Maintaining strategic infrastructure: roads - Public Accounts Committee Contents

2  Maintaining the road networks

11. We welcome the progress the Department and the Agency have made in improving the way in which road maintenance is carried out. We heard about the Department's Highways Maintenance Efficiency Programme which it set up in 2011 to help local authorities become more cost-effective in response to the budget reductions in the Spending Review 2010.[23] The Agency has introduced new contracts and strengthened its central decision making since our last report on road maintenance in 2010.[24]

12. It is clear to us that in order to get best value for money, highways authorities need to focus on planned preventative maintenance. The Department told us that too many local highway authorities react to events instead of anticipating and preventing disrepair. According to the Audit Commission it can cost three times as much to reconstruct a road that has been allowed to fail than it does to carry out preventative maintenance. In particular, significant costs in later years can be saved by preventing water from penetrating the road surface and damaging supporting structures and foundations.[25] Despite the importance of planning we heard that at least 45 local highway authorities did not have an asset management plan when surveyed in early 2014. The Agency has an asset management plan but it does not cover the whole life of its assets although it is currently trialling the development of a 30-year plan in its East Midlands Area.[26]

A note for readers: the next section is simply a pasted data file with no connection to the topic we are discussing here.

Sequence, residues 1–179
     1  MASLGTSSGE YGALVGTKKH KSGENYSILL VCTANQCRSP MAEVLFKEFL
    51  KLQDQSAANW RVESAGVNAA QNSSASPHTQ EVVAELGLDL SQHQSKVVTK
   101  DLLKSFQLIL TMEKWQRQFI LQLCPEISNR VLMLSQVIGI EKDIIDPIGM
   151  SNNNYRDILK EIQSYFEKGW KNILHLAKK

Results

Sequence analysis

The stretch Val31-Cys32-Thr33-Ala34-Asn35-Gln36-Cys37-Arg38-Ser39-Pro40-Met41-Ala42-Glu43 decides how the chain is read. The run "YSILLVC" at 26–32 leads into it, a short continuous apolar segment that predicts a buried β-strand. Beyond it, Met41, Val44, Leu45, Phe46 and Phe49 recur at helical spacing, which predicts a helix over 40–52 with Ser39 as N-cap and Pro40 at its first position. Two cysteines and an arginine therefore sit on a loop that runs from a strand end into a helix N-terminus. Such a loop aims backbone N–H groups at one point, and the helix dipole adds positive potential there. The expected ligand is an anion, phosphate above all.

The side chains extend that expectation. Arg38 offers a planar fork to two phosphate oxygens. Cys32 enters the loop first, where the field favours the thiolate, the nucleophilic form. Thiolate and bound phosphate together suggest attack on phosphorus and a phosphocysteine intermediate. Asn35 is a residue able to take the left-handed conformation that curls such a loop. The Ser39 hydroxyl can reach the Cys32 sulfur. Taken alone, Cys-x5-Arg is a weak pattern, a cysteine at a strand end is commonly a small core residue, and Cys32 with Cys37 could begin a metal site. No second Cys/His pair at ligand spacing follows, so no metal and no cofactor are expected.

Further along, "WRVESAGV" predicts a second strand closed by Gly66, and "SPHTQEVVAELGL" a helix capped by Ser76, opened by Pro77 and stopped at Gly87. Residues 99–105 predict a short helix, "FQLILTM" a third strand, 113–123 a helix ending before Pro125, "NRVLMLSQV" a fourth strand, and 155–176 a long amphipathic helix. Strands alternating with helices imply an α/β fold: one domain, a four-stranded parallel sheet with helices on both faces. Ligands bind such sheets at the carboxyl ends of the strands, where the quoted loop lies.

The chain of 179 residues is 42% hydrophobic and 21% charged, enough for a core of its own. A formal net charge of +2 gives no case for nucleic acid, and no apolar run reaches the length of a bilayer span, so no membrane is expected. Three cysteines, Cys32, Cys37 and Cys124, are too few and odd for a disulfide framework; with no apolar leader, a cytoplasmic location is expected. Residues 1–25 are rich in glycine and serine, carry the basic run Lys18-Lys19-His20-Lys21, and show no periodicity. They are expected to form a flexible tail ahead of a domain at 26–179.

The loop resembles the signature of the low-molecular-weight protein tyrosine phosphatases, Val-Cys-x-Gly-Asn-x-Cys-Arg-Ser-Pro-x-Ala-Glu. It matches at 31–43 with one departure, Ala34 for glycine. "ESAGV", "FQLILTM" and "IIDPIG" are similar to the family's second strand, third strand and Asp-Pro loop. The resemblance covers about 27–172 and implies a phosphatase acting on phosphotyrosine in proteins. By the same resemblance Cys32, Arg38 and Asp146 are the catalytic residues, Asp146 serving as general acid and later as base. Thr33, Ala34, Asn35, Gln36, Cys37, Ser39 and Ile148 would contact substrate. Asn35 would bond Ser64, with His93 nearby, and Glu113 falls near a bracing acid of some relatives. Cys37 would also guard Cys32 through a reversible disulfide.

13. Neither the Department nor the Agency were able to tell us how much it should cost to maintain the road networks, because of a lack of evidence about how road infrastructure deteriorates over time and the costs of different maintenance activities.[27] The Agency has no information on 70% of its drainage systems and many local highway authorities have incomplete inventories of their bridges, drains, footways and street lighting. Some local authorities have invested in information about what assets they own and their condition but this is not universal.[28]

14. The Department explained that most local highways authorities have an understanding of how road surfaces deteriorate over time but this does not extend to other types of infrastructure. We heard that the Agency had predicted future demands for resurfacing based on its knowledge of road surfaces.[29] The Agency is also making progress on understanding how best to maintain its structures, although this work is not yet complete.[30] It is also working to understand the costs of maintenance better.[31] Many local highway authorities would like more help from the Department to understand the factors that drive maintenance costs and to quantify the benefits of preventative maintenance.[32]

15. We challenged the Department and the Agency on why most road maintenance work is carried out in the winter months which is less efficient due to longer nights and cold and wet weather. The Department and the Agency explained that while local highway authorities are at liberty to carry their main funding from the Department forward to future years, the Highways Agency cannot do this. The Agency told us that even though the Department confirms its budget in December of the preceding financial year, it is then unable to get design and planning work done quickly enough to avoid an increase in spending towards the end of the financial year. For example, the Agency spent less than 3% of its annual maintenance expenditure in April 2011 but this increased to 21% spent in the following March.[33]